Last week, I had the opportunity to visit Quebec City for the annual Garden Writer's Association conference. It was an excellent opportunity to network with garden writers from around the world and tour some of the brightest gardens in the city. I thought you might enjoy seeing some of the images I took during my visit and learning a bit about what's going on in the city's gardening community.
I was most impressed by a rooftop garden at La Maison de Lauberivière. This former hotel is now home to the city's largest homeless shelter. Their 6,000-square-foot garden is located on the building's roof and produces about 1½ tons of produce each year. Everything that's grown there is eaten by the residents. What's particularly amazing about this garden is that the plants are grown entirely in fabric pot bags known as SmartPots. In addition to growing every type of vegetable imaginable, there were apple trees, hardy kiwis, grape vines, currants and blueberries. It was interesting to learn that these plants survive the winter on the rooftop without any ill effects and that the fabric pots last 7 to 10 years! I was amazed at the dedication of the garden's caregivers and at the amount of attention given to making this garden not only productive, but also beautiful.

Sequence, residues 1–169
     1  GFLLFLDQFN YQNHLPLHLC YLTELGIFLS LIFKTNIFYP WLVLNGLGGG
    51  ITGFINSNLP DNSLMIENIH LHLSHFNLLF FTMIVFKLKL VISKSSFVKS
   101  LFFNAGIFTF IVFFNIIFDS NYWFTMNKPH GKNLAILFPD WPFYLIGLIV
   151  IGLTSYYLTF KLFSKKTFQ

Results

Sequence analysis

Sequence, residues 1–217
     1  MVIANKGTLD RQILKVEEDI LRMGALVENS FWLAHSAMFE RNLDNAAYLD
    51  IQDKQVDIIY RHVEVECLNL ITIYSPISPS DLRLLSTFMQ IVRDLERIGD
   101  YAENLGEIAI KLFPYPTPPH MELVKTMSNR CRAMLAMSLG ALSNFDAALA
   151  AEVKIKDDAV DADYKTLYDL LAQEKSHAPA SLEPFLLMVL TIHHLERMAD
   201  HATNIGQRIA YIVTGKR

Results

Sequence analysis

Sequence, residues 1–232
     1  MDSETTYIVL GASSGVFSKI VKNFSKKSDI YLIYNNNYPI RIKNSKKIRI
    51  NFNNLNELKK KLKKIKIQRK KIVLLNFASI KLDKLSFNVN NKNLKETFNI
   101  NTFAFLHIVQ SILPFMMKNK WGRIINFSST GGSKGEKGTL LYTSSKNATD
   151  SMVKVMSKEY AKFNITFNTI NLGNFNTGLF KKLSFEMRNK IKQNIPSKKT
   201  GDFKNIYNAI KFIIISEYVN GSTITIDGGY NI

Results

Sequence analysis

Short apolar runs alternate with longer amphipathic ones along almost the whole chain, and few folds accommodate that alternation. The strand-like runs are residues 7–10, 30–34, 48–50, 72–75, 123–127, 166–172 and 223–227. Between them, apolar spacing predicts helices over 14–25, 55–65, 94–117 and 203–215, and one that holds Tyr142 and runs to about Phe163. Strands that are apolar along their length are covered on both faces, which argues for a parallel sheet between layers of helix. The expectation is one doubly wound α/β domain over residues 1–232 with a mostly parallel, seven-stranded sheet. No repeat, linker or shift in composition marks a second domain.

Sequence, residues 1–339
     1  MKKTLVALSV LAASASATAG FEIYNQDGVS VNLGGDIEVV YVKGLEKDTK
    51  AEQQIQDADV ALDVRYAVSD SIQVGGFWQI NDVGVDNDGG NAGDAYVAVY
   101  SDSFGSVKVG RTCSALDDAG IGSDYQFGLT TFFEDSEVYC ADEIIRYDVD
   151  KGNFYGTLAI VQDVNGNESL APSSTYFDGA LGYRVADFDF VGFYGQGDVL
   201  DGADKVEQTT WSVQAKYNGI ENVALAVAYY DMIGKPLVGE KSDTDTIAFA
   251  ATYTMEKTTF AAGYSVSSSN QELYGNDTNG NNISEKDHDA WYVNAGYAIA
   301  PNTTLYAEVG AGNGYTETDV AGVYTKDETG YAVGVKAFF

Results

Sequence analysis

La Maison de Lauberivière
We also had the opportunity to view a number of other private and public gardens, including a sunken city garden that knocked my socks off and a home garden that boasted an eclectic combination of a small gothic greenhouse, an Irish moss-laden path, a cottage-style perennial border and a cactus garden (yes, a cactus garden—in Quebec!).
My favorite garden of all was found at Domaine Joly de Lotbinière, the former home of Sir Henri-Gustave Joly de Lotbinière, former premier of Quebec. The home was built in 1828 and now boasts an incredibly beautiful trial garden that combines vegetables and ornamentals in the most spectacular way. Set up in four rectangular quadrants, this garden was graced with 2,300 different plant varieties. I could have stayed there relishing in its beauty—and shooting photographs—all day.
Domaine Joly de Lotbinière
I hope you enjoyed this small visual taste of the gardens of Quebec!
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